What the Library Taught Me About Parenting

I was sitting in the library surrounded by moms and toddlers listening to the lady at the front of the room read stories and sing songs in her oddly confident, semi-annoying baby voice. As always, I sat in awe of her — it’s as if she doesn’t realize adults are even in the room. But as it should be, each mom had eyes only for her child, ogling over how adorable he/she was, each wondering why all the other moms weren’t watching her child, convinced they were all missing out. Except for one mom.

I have seen her on a few other occasions and know this isn’t abnormal behavior; it wasn’t just an off day, an I-need-a-freaking-break-before-I-break-your-face kind of day. On many a Wednesday, I’ve noticed her scrolling through her phone while her daughter danced and sang a few feet away, occasionally glancing back to see if she was watching her. She wasn’t.

Last week we stayed in the kids area to puzzle for a bit before lunch. As there are only a few tables, we ended up sharing one with that particular mom and daughter. Charlee and the other little girl began working on some puzzles while the girl’s mother sat and read a book next to her. No big deal. But after a few minutes, I began to feel extremely uncomfortable. Over and over again, this scene played out before me: the little girl would toddle over to get a puzzle, bring it back, work on it for a second, get stuck on a piece, ask her mom politely for help, get ignored, ask her mom politely for help again, get ignored, ask her mom politely for help again. Then, her mom, with a frustrated grumble, would take the piece out of her hand, place it assertively in the puzzle, and say something to like, “Ya know, it really defeats the purpose of you doing the puzzles by yourself if I have to do the whole thing for you.” Then, as if she could hear my blood boiling, she’d add a monotone “good job” before getting back to the pressing climax in her novel. The little girl would finish the puzzle, wiggle off her chair, waddle over to the puzzle rack, and climb up the step stool so she could reach to exchange her puzzle. 

In my passive aggressiveness, I awkwardly paced around the table and tried not to make eye contact. And now, in my passive aggressiveness, I am hiding behind my computer in hopes that maybe while scrolling through her phone today, she’ll come across this post. I know. I’m so bold.

I shouldn’t jump to conclusions. You’re right, I don’t know her personally. I’ve never gone to her house. And I must admit, I’m not innocent on the distracted mom home front. I have tried and tried to prioritize and re-prioritize in attempts to be ‘present’ for these delicate years. I will be the first to say it’s not easy. And what’s more, the second I think I’ve figured out how to be a good mother, I realize I’ve completely lost touch with myself, not to mention my marriage. It’s a nearly impossible balance.

I should mention that I am a firm believer in cultivating independence in our children. I agree that we live in a culture of hoverers, hand-holders, and “you are soooo special”ers. While hugs and kisses and kind words are good, so good, a slap on the butt and a “suck it up” is even better on occasion.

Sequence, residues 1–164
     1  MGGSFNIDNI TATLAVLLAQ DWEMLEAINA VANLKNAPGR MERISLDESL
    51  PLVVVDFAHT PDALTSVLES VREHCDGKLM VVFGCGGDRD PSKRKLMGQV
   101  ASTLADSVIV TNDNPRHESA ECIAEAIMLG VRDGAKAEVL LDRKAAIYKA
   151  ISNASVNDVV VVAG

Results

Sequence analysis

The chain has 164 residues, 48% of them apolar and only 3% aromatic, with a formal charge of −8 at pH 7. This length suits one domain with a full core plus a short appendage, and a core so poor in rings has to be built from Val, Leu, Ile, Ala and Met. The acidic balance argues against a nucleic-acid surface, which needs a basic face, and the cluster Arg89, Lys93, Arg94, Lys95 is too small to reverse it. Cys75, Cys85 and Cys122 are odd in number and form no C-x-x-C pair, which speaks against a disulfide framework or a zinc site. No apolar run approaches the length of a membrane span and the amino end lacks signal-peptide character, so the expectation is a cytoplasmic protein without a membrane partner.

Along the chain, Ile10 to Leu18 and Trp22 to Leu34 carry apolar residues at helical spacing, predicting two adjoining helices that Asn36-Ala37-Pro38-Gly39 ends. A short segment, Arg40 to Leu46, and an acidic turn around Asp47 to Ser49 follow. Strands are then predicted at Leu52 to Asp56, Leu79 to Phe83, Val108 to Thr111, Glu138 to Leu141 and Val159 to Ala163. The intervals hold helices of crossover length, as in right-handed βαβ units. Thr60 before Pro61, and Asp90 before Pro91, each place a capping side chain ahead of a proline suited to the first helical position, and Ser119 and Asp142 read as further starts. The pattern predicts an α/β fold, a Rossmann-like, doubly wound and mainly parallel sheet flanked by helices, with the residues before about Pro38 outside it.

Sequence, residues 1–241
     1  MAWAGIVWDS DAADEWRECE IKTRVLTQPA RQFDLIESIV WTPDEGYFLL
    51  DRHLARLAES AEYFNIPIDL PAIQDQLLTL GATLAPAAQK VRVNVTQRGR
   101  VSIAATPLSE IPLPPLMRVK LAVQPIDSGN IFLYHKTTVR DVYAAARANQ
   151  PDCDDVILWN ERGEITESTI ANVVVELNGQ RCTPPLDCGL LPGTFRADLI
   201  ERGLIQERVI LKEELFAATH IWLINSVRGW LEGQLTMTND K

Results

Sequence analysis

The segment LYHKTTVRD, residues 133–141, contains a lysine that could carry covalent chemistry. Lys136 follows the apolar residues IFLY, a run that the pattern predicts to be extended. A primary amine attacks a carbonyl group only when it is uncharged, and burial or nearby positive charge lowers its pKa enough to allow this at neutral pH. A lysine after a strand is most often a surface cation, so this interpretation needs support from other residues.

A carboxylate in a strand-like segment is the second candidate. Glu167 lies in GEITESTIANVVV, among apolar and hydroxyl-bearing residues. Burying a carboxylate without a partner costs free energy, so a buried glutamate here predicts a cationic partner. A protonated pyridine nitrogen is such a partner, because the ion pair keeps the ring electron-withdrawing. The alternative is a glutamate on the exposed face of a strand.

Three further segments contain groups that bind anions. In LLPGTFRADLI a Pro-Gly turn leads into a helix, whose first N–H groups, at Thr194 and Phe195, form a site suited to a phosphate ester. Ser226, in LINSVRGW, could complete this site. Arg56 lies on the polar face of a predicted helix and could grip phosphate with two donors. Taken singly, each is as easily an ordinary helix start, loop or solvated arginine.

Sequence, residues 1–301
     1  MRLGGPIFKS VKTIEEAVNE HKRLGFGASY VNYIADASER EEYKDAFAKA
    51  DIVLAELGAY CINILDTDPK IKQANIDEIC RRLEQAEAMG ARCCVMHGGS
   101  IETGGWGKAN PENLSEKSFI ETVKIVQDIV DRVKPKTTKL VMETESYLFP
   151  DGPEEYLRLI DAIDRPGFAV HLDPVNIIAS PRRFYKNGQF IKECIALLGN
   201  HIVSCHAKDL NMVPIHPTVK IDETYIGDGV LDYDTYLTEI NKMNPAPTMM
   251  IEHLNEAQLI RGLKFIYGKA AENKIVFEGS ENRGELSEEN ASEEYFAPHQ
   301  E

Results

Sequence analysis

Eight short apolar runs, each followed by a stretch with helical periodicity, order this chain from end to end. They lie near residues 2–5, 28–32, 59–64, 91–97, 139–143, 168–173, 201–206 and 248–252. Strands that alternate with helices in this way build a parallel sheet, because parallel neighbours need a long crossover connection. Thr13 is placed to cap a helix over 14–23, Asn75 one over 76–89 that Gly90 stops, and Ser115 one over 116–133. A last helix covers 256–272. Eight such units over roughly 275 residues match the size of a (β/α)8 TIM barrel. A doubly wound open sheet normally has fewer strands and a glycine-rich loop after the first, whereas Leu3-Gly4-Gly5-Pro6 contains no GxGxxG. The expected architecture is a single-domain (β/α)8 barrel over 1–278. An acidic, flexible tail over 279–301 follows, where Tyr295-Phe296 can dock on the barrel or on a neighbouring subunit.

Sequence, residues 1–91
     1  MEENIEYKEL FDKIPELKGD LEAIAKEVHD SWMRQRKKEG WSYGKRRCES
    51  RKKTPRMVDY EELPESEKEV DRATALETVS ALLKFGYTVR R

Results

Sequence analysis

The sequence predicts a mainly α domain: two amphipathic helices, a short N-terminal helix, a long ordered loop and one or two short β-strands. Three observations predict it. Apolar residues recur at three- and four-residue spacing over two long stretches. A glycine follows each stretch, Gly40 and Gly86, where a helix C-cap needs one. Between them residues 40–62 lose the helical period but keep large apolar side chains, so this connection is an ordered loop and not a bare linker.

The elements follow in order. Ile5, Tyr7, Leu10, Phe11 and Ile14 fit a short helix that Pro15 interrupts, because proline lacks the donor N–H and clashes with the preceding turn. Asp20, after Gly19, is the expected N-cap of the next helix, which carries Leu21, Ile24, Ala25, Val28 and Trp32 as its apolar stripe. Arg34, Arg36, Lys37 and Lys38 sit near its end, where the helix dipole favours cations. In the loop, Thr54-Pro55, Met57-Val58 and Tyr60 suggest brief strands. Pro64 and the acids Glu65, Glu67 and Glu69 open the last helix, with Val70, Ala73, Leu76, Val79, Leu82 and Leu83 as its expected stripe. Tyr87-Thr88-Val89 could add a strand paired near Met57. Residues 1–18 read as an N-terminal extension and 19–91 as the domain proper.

In this particular situation, though, I just wanted to slam her book down and scream, “MAYBE SHE DOESN’T NEED YOUR HELP! MAYBE SHE CAN DO IT BY HERSELF. MAYBE SHE JUST WANTS YOUR HELP. She wants to spend time with you and have fun with you. Right now, she’s little. There’s plenty of time for growing up and being big and independent. But the more you love her and hug her and show her attention now, the less she’s going to crave it later. And, ironically, the more independent she will be. See her. Really SEE her. Or she will try to be seen by someone else.”

Our kids may not need us to rub their backs at night or rock them a little before nap time or help them with their puzzles; maybe they just want these things. And sometimes, if a want is neglected long enough and quietly burrows deeper down into one’s soul, it turns into a need.

Every child wants to feel like their parents are captivated by them. They want to turn around and see us watching, our eyes glued to them. We are the providers of self-esteem and self-worth in these early years. Our words will either build up or tear down. Our words will be the words that prepare them for the inevitable middle school meltdowns, the pressures of high school, the charisma of hunky suitors (may they RIP). When others’ words are flying from every direction, ours will be the loudest because they’ve heard ours over and over and over again.

So may they be words of love and encouragement, confidence and foundation, hope and grace. May our words fill up every crevice of their bodies, every toe and every wrinkle until they collide into a beautiful love story between them and their maker. May our words be so abundant they’re overflowing, that those same powerful expressions of love escape their lips and pour into others. Because that’s what we’re here for, right? God is using us to raise up his vessels. Let’s give them the right words.